Development Cooperation Handbook/The video resources linked to this handbook/The Documentary Story/The motorcycle journey from Rome to Beirut
The motorcycle journey from Rome to Beirut
In the past months I had been so busy managing the whole project that I actually did not do what my main task was as an author: to write the documentary script. Obviously in a research documentary, as it was in our case, you don't really know what you are going to find out. So you cannot write the whole script in advance. Still it is important to visualize a broad line before and then be ready to turns and changes. I had already been before in most of the places where the shooting was planned, so I had a clear idea of what we were searching for. But I needed to write that idea. I had not written it yet. I decided to do the writing “on the road”. I repaired my very old but very smart motorcycle (a Suzuki 600 induro) and left Rome for Beirut.
In fact the main destination was not Lebanon, but Syria. That was our most difficult and fascinating location. The Arab spring hadn't yet arrived there. It was a very quiet country, but with very strong censorship. How much would we have been allowed to record in Syria? We had our official documents in order but … you never knew in Syria what authority should also allow you to do what others have approved. Rather than rules, there are sphere of power; which are generally overlapping with others so each controller is also controlled. So, you really never know if you are authorized or not to do what you want to do.
On paper, we had an official Syrian partner. But for the past month, they were not answering our e-mails. Again, that was something normal in Syria, where everything is personalized. You can do more but you need to write less. So let’s go there.
I always liked the dimension of traveling. It is a dimension of openness. it is the metaphor of life itself. I wanted to arrive to Syria by steps. I wanted to gradually see the cultural changes from the two sides of the Mediterranean. With the hope that that graduality would help my understanding. Moving by plane is too fast. You arrive there with the body but not with the mind. If I could gradually digest the gradual changes, then maybe I could adjust better and enter with a more receptive mind in a culture I was going to narrate about.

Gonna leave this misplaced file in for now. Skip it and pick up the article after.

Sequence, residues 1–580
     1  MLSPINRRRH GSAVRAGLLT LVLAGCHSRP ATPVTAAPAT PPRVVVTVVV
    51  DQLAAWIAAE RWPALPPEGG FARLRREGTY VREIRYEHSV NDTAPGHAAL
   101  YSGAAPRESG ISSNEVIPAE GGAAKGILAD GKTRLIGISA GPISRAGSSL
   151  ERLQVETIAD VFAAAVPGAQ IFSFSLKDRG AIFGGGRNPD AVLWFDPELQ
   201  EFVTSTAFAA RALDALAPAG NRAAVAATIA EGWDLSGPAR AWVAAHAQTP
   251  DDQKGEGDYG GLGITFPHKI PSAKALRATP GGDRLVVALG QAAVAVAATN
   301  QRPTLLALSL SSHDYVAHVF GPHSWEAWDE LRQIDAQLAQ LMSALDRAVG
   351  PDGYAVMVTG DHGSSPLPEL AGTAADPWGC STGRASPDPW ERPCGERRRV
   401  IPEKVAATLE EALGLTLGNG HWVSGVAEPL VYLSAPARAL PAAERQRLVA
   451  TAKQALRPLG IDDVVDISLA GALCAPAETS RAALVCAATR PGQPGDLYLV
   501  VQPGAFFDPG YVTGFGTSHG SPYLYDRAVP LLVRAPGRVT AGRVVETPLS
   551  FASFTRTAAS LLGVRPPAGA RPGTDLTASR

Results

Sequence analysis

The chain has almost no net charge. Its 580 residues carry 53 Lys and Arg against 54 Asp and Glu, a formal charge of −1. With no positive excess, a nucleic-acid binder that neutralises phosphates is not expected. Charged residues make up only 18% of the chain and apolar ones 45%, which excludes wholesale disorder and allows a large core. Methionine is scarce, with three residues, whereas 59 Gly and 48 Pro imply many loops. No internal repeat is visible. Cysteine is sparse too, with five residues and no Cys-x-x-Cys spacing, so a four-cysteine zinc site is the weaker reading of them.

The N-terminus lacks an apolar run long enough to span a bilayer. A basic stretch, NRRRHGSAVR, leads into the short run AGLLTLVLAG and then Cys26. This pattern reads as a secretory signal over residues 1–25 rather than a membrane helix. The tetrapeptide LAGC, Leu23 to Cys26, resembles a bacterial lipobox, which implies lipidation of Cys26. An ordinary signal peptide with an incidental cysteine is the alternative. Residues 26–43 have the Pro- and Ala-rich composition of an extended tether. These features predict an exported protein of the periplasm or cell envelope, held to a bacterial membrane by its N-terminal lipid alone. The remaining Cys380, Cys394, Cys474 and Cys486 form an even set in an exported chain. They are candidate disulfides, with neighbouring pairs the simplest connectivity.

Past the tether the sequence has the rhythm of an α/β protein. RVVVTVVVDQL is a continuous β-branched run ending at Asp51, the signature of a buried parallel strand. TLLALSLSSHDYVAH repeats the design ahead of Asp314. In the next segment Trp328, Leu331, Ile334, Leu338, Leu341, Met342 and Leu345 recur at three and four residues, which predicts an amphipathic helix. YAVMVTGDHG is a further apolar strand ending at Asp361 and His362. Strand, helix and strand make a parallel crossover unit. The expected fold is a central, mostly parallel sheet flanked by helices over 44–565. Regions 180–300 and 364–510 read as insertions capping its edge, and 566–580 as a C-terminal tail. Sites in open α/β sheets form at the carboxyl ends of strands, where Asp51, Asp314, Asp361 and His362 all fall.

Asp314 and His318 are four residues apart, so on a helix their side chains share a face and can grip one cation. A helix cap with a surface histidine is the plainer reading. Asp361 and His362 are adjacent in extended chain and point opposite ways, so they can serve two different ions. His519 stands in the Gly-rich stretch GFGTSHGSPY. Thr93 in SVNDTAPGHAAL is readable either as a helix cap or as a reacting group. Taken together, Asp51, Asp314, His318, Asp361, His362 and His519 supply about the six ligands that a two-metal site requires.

It worked! Not only because the cultural changes were in steps; not even because I had more time to observe and reflect over them; mainly because, thanks the on/the-road dimension of the travel, I interacted with people. Overland many small incidents happen: mechanical problems with the bike, missed ferries, confusion about directions, sudden rain, sudden hunger pangs Then you take more courage to come out of your isolation and interact with people. You overcome the barriers. And especially when you travel alone, you happen to get across to person whom for no apparent reason, become friends. On the road it happens that you open up to strangers in a way that you rarely do with your long time associates. You narrate your life without caring of being precise, sometimes mixing a bit the memories without the correct historical sequence; and then by listening to yourself who narrates your life in a different way, you learn a new dimensions of yourself.
But on the bike is not an easy walk and I could not write much of the script on paper. But I wrote it in my mood. The documentary approach became clearer to me. I thought we should have given to it such a dimension of “travel”. It will be us who travel as a team, both physically (in different countries) and then psychologically (inside the way media forms, or tries to form, the mental aptitude of opinion makers and opinion made-s).
The journey also showed me two important things. One is how hospitality was becoming more and more a value and a belief as I was approaching, and finally entering, the Middle East and the Arabian Nations. The other was how the Mediterranean Region still has so much of a unitary cultural identity, the perception of which has been greatly lost because we made people think in terms of political and commercial borders (The European Community and the “others”). But in reality the cultural unity of the Mediterranean Region is much stronger than the "European" continent. How much damage must have been done to Italy, and especially to South Italy, this political estrangement from its own natural links and from its cultural milieu? Sure, I was feeling much more at home there, in the small tea shops of Turkey, or in the meeting places of Syria, than in the pubs of Northern Europe!
The last thing I expected was to feel somehow at home in an Arabic Country. But I was so much at home in Syria. Probably the Mediterranean factor! Or maybe the very dimension of traveling. May be my real home is on the road.
Next ⇒ Reaching Vrinda in Lebanon